Textiles are one of the fastest growing sectors of digital printing. The applications are numerous, with the most common including apparel, soft furnishing, soft signage and flags.
Also numerous is the choice of inks for inkjet printers. It’s not always clear what the difference is between some similarly-named fluids. Some have been adapted from earlier analogue printing processes, while others have only ever been available for inkjets.
The ‘hand feel’ of a textile is important, especially for clothing or garments (which we’re calling apparel here). This means the way the material flexes and drapes.
Dye inks enter the fibres of the textile and typically don’t alter the feel, though there may be an initial ink-acceptance coating that has to be washed out after printing. Inks that have a carrier that stays on the textile often make it stiffer and alter its feel.
Here we provide a brief introduction to the main types of inkjet textile inks, their characteristics and any pre- and post-processing needed to fix them. Some inks can also be used with leather, which isn’t a textile but is commonly used in apparel and furnishings.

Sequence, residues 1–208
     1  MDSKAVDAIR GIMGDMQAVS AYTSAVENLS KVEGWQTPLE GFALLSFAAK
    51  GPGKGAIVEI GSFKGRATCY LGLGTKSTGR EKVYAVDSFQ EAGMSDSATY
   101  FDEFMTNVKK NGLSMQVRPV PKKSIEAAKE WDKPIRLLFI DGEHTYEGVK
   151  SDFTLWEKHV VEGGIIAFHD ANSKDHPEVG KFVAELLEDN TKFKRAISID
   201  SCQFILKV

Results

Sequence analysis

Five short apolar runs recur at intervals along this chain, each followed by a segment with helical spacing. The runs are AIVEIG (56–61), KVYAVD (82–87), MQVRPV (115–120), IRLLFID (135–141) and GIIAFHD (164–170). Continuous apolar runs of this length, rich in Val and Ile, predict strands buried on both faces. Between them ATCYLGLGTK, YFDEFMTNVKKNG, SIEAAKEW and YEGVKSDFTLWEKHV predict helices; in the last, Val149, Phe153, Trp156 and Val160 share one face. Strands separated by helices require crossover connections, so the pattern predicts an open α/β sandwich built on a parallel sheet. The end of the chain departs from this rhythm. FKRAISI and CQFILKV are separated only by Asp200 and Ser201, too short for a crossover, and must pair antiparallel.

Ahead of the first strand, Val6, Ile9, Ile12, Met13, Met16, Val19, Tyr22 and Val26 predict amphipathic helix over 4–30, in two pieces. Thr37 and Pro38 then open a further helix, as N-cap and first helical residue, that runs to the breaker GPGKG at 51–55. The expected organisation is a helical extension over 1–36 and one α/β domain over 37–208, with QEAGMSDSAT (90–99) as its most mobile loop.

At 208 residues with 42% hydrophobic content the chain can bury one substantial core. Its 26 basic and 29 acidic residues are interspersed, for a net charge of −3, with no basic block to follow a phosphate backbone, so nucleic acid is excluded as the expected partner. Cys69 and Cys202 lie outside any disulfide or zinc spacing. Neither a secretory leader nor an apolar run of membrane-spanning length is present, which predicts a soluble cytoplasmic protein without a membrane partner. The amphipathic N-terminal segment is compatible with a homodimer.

We’ve not gone into detail with pre-treatments; this may be performed by the textile supplier, which will sell pre-treated materials for particular processes. Larger scale industrial printers may have the facilities to treat their own textiles.
Our thanks in particular to Steve Woodall, national sales manager for textiles and apparel at Hybrid Services, the UK distributor for Mimaki. He provided a lot of the practical information about these inks.
Note that dry toner printers can produce heat transfers suitable for textiles, but we’ll look at them another time.
Dye sublimation/disperse dye Textiles: polyester and polyester-cotton mix Pre-treatment: yes Process: inkjet onto paper or direct to textile rolls Post-process: dry heat/pressure transfer or dry heat activation and washing (direct printing) Application: apparel, soft furnishings, soft signage, flags, hard surfaces Dye sublimation is a water-based ink that works with a wide variety of inkjet printers. Most are adapted from standard eco-sol models, though a few have been purpose-built.
This ink is very widely used for textiles because it is easy to work with and only requires heat and a little pressure as a post-process.
It produces bright colours, but the limitation is that it only works with polyesters. Polyester-natural fibre mixes can be used, but the less polyester the fewer the binding points for the dye, so the image is duller and wash resistance suffers.
The ink can be used either to print onto a transfer paper or directly to the textile. Some manufacturers call it ‘disperse dye,’ usually when referring to direct printing. In some cases, the same ink is used for paper as direct to the textile (which needs a pre-treatment to reduce spread and wicking into the fibres before it is heat-fixed).